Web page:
MUNICH — Going to a cinema in Central Europe can be like entering a time warp. The 1960s Soviet chic decor and worn-out chairs will take your mind back to the reign of hammer and sickle — or at least your backside will feel like you’re sitting on one.
However, while the exhibition sectors in Romania and Croatia are still in dire need of investment, things are changing for the bigger and better in Poland, the Czech Republic and Bulgaria.
According to a report by Dodona Research, Polandentry to the European Union in May 2004 has led to a property boom, which fuelled the building of shopping malls with anchoring multiplexes. In 1998 there were only eight multiplexes in Poland, but by 2005 the total rose to 374.
However, more multiplexes doesn’t mean more cinemas. In the Czech Republic the number of screens has declined over the last 10 years, but there are now 18 multiplexes with 156 screens, equalling 23% of all screens.
Bulgaria, too, has seen a dramatic decline of cinemas since the fall of the Iron Curtain. More than two-thirds of all cinema screens have closed since 1992, while admissions dropped from 19.5 million to an all-time low of 1.9 million in 1999. Yet, a third multiplex cinema opened in the Bulgarian capital Sofia last year, bringing the total number of multiplex screens in Bulgaria to 38.
In Hungary, however, the picture is very different. Here the exhibition market is already so mature that recently two multiplexes had to close.
In terms of admissions, 2005 was a terrible year across the region. Romania experienced the most dramatic downturn with 29% and even in Bulgaria, where the market was on the way to recovery, admissions dropped from 3.12 million in 2004 to 2.42 million.
Despite such depressing results, Dodona’s predictions for the region are anything but gloomy. In the recent Cinemagoing Central Europe report, analysts forecast that admissions should pass 80 million by 2010, an increase of almost 40%.
Steady economic growth and increase in foreign investment across the region is one reason to be cheerful, another one being the advance of the multiplex and further investment into the exhibition sector. Also, the fact that Poland, the Czech Republic, Hungary, Slovenia and Slovakia are now members of the European Union and that Bulgaria and Romania will soon be is has given the region a massive economic boost, which eventually should translate into B.O. figures.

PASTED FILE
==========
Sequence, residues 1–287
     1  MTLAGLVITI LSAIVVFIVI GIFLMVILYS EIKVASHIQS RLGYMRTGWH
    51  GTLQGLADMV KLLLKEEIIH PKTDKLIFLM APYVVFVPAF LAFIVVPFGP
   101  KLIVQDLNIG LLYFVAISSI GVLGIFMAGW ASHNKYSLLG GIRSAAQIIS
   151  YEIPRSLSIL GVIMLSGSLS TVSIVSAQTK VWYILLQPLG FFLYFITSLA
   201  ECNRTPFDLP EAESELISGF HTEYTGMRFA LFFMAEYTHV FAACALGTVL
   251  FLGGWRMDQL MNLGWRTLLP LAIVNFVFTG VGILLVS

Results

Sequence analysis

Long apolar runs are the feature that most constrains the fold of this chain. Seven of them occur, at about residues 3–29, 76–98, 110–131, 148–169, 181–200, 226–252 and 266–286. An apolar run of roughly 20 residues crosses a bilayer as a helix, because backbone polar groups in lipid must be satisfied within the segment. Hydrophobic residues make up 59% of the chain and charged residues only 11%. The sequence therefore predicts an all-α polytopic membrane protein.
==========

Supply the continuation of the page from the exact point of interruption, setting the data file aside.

Dodona points out that cinemagoing habits vary widely across the Central European countries.
U.S. imports are usually the strongest performers across the region. In 2005 the biggest B.O. hits were “Star Wars Episode III,” “Madagascar,” and “Mr. and Mrs Smith.”
Yet, the Czech Republic and Poland stand out from the rest of the Central European crowd because home-grown pics or pics with local content regularly top the annual B.O. chart.
In 2005 the highest grossing pic in the Czech Republic was the Czech-language laffer “Roman Pro Zeny” and in Poland the biopic of the late Polish-born pope John Paul II “Storia di Carlo” came out on top.
In Hungary, too, local pics such as $1.2 million grosser “Fateless,” perform well and cornered 12% of the Hungarian market in 2005. Hungarians are the most avid cinemagoers in the region with the average Budapest resident visiting the cinema at least four times a year.
In contrast, while Poles like Polish content, they need event pics to draw them to cinemas. As a result, Poland as a territory might be large and attractive but it’s also unpredictable.
Juggling the differences between local tastes and cinema standards are three pan-regional exhibs: Palace Cinemas operates in the Czech Republic, Hungary and Slovakia while Cinema City operates cinemas in Poland, Hungary, the Czech Republic and will open its first cinema in Bulgaria in July . However, according to Dodona, the third exhib and distributor, Budapest-based InterCom, is currently selling its cinemas in Croatia, Romania and Hungary.